New Tesco boss likely to sell assets to fund recovery plan
By Kate Holton, Simon Jessop and James Davey
LONDON (Reuters) - Just six weeks into his job, Tesco (TSCO.L: Quote) boss Dave Lewis must look at selling assets in Britain and abroad as he battles to raise funds to pull the world's No.3 grocer out of the deepest crisis in its 95-year history.
Trading at the British retailer has deteriorated to such an extent that its debt and ballooning pension deficit mean it could do with more cash. And that's even before it starts to consider the cost of a plan to revive sales.
Some analysts and investors think Lewis should take advantage of his status as a new arrival to ask shareholders for money, rather than selling off valuable businesses such as its stores in Thailand or customer data specialist Dunnhumby.
But a rights issue, which some think should top 3 billion pounds ($4.8 billion), could prove a hard sell when Tesco is in the midst of investigations into the discovery of a 250 million pound black hole in its accounts.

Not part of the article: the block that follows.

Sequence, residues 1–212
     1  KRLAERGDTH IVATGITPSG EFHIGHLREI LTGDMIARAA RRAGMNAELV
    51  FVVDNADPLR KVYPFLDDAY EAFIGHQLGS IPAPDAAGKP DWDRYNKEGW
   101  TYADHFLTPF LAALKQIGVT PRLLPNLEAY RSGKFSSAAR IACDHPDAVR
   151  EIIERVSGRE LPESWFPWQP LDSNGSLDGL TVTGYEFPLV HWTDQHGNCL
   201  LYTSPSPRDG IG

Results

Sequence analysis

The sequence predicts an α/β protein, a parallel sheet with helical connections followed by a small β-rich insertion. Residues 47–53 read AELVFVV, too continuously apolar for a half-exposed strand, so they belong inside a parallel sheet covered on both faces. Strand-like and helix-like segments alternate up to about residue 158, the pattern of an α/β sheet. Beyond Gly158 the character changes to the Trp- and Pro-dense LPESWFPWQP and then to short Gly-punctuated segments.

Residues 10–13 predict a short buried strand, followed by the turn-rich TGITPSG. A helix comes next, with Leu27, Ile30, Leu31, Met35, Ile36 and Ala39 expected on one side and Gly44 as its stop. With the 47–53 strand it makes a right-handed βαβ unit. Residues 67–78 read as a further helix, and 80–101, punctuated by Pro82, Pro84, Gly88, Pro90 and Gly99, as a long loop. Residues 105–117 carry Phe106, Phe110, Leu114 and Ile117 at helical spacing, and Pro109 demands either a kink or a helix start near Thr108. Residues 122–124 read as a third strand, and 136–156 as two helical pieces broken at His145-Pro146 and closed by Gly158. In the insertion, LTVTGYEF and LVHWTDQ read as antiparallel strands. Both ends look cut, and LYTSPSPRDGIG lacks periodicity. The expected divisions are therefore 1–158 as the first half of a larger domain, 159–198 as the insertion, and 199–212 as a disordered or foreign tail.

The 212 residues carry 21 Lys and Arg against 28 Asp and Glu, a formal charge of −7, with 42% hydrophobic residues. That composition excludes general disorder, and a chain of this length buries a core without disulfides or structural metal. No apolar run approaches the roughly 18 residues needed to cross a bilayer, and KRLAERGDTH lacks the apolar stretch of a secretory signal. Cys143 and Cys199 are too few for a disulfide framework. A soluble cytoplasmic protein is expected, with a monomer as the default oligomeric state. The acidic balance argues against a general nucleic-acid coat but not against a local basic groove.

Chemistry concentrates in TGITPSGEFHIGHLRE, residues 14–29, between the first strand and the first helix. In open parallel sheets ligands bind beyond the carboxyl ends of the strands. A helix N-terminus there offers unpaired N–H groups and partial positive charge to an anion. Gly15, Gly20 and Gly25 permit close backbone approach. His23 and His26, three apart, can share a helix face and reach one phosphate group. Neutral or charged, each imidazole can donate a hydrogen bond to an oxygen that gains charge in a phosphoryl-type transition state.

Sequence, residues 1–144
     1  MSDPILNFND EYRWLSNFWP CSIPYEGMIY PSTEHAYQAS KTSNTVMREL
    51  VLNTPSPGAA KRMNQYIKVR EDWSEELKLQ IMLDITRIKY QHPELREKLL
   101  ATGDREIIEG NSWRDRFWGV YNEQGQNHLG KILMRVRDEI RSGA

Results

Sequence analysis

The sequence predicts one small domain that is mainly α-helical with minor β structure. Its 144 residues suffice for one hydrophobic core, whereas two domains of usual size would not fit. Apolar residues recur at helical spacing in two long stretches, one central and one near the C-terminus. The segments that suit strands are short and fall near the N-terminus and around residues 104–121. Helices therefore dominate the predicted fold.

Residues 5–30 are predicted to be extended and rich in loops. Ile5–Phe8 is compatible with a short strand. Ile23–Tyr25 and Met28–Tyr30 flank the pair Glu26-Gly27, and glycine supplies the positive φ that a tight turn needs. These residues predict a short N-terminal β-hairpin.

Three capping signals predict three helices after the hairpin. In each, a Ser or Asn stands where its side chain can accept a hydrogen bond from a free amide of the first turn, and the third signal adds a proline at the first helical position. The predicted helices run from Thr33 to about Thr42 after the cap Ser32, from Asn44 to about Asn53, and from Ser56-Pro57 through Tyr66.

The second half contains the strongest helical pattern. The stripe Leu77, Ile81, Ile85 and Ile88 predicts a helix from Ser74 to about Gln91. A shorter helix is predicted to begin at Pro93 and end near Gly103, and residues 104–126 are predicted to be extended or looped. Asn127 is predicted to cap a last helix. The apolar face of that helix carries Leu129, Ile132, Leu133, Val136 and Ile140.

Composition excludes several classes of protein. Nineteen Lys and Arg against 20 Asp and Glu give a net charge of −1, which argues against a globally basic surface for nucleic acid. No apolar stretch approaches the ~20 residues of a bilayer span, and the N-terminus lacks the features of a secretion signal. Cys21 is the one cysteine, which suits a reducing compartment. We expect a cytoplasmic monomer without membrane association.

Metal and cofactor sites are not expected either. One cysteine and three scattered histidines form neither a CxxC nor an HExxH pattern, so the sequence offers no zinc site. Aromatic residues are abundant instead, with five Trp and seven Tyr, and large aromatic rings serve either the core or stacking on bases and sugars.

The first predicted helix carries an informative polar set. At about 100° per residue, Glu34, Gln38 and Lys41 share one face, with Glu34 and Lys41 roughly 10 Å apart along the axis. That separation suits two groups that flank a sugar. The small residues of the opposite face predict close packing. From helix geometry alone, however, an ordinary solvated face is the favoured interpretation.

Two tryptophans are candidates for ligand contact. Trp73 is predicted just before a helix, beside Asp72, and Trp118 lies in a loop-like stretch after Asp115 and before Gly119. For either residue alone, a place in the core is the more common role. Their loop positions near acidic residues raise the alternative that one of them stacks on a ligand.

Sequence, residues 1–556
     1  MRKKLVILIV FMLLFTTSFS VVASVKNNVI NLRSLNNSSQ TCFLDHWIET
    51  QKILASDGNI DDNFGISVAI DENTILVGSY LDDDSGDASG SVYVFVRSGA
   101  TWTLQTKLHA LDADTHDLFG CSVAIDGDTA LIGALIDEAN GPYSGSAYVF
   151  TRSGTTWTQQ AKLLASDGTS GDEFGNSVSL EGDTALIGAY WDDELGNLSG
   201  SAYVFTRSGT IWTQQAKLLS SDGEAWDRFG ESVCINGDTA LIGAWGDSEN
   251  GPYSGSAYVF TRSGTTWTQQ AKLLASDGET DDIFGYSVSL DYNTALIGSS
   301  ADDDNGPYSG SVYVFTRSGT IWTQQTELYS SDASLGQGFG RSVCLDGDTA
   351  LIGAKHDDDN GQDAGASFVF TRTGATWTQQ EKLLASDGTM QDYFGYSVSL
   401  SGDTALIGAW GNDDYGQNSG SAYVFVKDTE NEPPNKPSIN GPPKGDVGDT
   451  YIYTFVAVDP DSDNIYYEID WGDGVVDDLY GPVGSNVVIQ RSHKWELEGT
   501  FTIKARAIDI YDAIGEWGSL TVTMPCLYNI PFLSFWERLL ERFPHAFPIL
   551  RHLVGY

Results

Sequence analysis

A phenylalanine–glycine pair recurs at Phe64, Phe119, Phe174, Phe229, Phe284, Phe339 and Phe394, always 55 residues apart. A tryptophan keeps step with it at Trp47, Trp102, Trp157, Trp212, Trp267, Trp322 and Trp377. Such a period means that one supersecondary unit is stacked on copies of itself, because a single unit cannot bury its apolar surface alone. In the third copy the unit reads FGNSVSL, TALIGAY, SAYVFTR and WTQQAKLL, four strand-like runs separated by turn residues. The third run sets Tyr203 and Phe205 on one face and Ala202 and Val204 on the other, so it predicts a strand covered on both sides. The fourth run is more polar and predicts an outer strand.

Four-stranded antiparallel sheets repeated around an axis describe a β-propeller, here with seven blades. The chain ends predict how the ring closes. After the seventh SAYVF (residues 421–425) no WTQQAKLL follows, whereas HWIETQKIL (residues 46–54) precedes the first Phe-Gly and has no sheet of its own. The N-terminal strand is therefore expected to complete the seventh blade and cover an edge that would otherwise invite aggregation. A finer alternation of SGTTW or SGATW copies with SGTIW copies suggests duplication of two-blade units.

Plus, several investors want to see the recovery plan first.
"No rights issue without a detailed strategy and without first trying to sell non-core assets at good prices," said David Herro of investors Harris Associates, which recently cut its stake in Tesco to 1 percent from 3 percent.
Harris, which has $130 billion of assets under management, is not convinced Tesco will need a rights issue at all, unless UK operating profitability totally collapses.
Yet pressure is building on Tesco's finances. Its adjusted net debt of 6.6 billion pounds is now 3.2 times operating cash flow, way ahead of a company target of 2.5 times and likely to rise, according to Morgan Stanley. Its debt-to-equity ratio is 0.76 versus an industry median of 0.53, Reuters data show. Continued...